Este artículo ha sido traducido por nosotros en Español
NEW BRUNSWICK, NJ—Former employees of New Brunswick restaurants who say they were owed money by their old bosses have found a city ordinance passed in 2014 useful in getting the money they were owed.
On November 18, a caravan of protesters stopped at La Cabanita Dominican Restaurant on Elizabeth Street, an establishment which owed workers a total of $11,599 in wages.
But protest wan't their only tool: New Brunswick became the first city in the state to pass an anti-wage-theft law, which prevents business licenes from being renewed if the company's owner has any outstanding wage claims where the NJ Department of Labor found they owed workers money.
Under pressure from City Clerk Daniel Torrisi, whose job it is to manage the city's business licenses, the restaurant reached an agreement to pay that full amount owed in monthly installments beginning on December 1.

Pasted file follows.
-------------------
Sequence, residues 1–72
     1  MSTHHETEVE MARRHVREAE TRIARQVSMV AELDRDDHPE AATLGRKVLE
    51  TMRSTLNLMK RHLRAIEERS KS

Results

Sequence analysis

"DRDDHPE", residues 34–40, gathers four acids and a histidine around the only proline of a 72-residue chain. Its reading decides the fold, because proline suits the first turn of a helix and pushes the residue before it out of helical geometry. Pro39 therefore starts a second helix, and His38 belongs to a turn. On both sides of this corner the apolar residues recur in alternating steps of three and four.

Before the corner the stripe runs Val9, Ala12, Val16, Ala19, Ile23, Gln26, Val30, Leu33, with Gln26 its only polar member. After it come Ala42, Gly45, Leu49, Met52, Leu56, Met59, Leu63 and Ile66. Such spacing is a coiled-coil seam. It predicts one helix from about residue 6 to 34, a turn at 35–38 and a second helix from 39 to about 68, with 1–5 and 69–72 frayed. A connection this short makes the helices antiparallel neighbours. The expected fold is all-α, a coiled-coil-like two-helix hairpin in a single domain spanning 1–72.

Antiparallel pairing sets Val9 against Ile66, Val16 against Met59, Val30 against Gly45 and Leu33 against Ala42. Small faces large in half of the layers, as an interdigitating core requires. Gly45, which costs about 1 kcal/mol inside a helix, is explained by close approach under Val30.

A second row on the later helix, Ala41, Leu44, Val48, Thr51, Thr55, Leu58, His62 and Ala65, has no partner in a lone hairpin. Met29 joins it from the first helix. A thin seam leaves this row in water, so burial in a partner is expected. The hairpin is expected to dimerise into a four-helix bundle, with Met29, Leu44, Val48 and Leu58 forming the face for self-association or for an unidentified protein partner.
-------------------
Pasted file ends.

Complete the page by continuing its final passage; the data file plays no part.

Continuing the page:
The caravan concluded Newark, hold an action at Cunha Construction, which holds a judgement via NJDOL for $1,319.50 and $5,049.00 that have remained unpaid.
But in New Brunswick, where an ordinanace targeting wage theft is already on the books, workers have made advances in obtaining money they were owed.
One such case is that of Maria Salazar, a former employee of Felix Rojas, who owns the Costa Chica Mexican Restaurant & Pizzeria.
Salazar secured a judgment of $6,341.50, and Rojas was also required to pay a penalty fee of $2,734.15 to the NJ Commisioner of Labor and Workforce Development.
New Labor, a local organization that serves as a union for the non-unionized, organized the successful "day of action" caravan, which drew around 60 people, both workers and advocates.
The caravan also made visits to Lakewood and Newark, two other communities where New Labor has a base of support.
In Lakewood, the participants delivered a packet to the Mayor’s Office detailing action to start a push toward a local anti-wage theft ordinance in that community.